Finally, because I don’t expect or desire the average person in our Christian communities to have to wade through waters of academic vernacular found in critical race theory or theological ethics, the entire book is written out of a pastoral voice (of which I have 10 years of pastoral ministry experience), and saturated with personal stories and experience that help communicate important themes and points. In short, Trouble I’ve Seen = antiracism theory + theological ethics + pastoral voice.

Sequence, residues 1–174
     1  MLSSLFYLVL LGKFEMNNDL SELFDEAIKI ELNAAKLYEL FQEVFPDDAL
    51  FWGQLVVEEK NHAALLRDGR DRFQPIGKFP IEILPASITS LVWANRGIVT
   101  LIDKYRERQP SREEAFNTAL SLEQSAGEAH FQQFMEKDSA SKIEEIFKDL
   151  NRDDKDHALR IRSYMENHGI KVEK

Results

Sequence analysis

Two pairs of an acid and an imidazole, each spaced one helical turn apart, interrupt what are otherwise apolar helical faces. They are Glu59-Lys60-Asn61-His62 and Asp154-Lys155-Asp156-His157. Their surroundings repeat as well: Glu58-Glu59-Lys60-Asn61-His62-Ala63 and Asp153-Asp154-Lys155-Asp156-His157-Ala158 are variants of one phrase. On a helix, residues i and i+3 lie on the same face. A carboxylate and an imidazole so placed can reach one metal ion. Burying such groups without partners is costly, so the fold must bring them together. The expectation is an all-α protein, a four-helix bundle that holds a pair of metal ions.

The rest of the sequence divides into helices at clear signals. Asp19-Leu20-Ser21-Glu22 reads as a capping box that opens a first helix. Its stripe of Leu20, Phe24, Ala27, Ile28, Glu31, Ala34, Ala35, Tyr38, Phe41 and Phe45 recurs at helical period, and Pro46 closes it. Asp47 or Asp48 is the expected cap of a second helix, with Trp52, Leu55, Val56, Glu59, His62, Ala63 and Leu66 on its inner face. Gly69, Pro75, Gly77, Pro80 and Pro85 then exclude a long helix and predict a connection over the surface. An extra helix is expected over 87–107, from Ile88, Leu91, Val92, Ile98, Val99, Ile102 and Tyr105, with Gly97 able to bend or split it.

I've always admired the prophets. Their job of truth-telling required such courage and personal sacrifice. Yet they never held back. They spoke the truth no matter the consequences. I imagine they were lonely, then. Who could stand their challenging company for very long?
Personal relationships, however, weren't the prophets' priority. Their job was to tell God's truth in a way that would be heard.
My friend Bob and I were sitting on the bleachers just outside the racquetball court and trying to catch our breath between games. A group of race-running, soccer-ball kicking, tricycle-riding, and twirling-dancing preschool children spread out across the basketball court set the air abuzz with an energy I envy and filled the gym with squeals and laughter.
Several brave and curious children came near us and looked at us as if we were bears in a zoo.